Relationship Between Exothermic Heat and Carbon Contents of Pitch-based Carbon Fiber

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  • ABSTRACT

    Pitch-based carbon fiber tows were prepared from naphtha cracking bottom oil by reforming and carbonization. The relationship between exothermic heat and carbon contents of the fiber was investigated by changing the carbonization conditions. The carbon contents and the crystallinities of isotropic pitch-based carbon fibers were 86.8~93.8 wt% and 33.7~40.1%, respectively, which were linearly proportional to the increase of carbonization temperature from 700 to 1000℃. The exothermic heat (temperature increase) of fiber tows was measured in a short time, which was also linearly proportional to the increase of carbon contents due to the increase of crystallinity, even though the crystallinity was low. Therefore, the carbon contents or carbonization degree of fibers can rapidly and indirectly be estimated by measuring the surface temperature increase of fibers.


  • KEYWORD

    Carbon fiber , exothermic heat , carbon content , crystallinity

  • 1. Introduction

    Carbon fibers are fibrous carbon materials with carbon content more than 92%[1]. Three precursors namely polyacrylonitrile (PAN), pitch, and viscose rayon (regenerated cellulose) have received major attraction for making carbon fibers with high mechanical properties. Especially, PAN is the only precursor which has found maximum attention, as of today, for developing high performance carbon fibers.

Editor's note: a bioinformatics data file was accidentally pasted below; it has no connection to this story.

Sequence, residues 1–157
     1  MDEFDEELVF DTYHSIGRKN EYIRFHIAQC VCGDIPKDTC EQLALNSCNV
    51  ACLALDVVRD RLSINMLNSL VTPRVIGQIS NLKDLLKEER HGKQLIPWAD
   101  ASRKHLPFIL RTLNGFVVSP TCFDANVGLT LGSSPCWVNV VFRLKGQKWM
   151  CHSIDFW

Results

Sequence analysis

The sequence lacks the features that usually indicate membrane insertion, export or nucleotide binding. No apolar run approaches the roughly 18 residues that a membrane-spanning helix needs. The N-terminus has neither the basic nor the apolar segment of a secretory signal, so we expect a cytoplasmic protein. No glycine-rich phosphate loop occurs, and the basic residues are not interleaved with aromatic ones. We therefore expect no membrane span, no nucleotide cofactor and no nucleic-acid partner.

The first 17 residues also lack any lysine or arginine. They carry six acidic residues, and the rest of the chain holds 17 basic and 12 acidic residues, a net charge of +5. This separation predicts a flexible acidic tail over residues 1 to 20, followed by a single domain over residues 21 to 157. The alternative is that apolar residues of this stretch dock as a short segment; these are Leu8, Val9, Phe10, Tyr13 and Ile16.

Pitch-based carbon fibers provide properties not readily obtainable with PAN-based fibers. Whereas the PAN-based fiber has an excellent strength at a modulus of 200 GPa, the strength decreases as the modulus increased, and the upper limit of modulus is about 650 GPa. Pitch-based fibers are capable of modulus levels up to the theoretical modulus of graphite, 1000 GPs, and have much better thermal and electrical conductivity properties than PAN-based fibers [2]. Pitch and PAN-based fibers should be considered complementary, each filling a different set of commercial needs.

    The raw materials for pitch are abundant and cheap. They are by-products of petroleum and coal chemical industry such as petroleum refined residue, coal tar, and pitch (the residue of solvent refined coal and petroleum), and some pure aromatic hydrocarbon such as naphthalene, anthracene. Pitch with proper softening point and good spinnability can be purified by the methods of thermal modification [3,4], solvent modification [5], hydrogenation [6], catalytic modification [7], etc. Naphtha cracking bottom (NCB) oil, which is only the wastes, can be used as one of raw materials by thermal modification. Authors have reported the preparation of pitchbased carbon fibers from NCB [4,8-9].

    As mentioned, carbon fibers show good electrical conductivity resulting in temperature increase by increasing the electrical voltage. Therefore, recently carbon fibers are using as a source of film heaters. However, there is no report on the relationship between temperature increase and the carbon content of fibers. The carbon content is depending on the carbonization conditions.